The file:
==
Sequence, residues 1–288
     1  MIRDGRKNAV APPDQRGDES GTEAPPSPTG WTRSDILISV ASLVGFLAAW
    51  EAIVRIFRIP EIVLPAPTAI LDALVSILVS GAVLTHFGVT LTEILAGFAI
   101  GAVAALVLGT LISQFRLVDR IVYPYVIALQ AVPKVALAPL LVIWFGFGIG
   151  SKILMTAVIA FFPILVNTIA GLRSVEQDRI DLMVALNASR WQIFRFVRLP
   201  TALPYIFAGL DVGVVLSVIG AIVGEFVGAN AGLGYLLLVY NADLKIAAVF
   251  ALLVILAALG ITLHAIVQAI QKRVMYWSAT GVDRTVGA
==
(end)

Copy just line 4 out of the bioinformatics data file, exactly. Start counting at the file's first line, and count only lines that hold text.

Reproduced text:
   101  GAVAALVLGT LISQFRLVDR IVYPYVIALQ AVPKVALAPL LVIWFGFGIG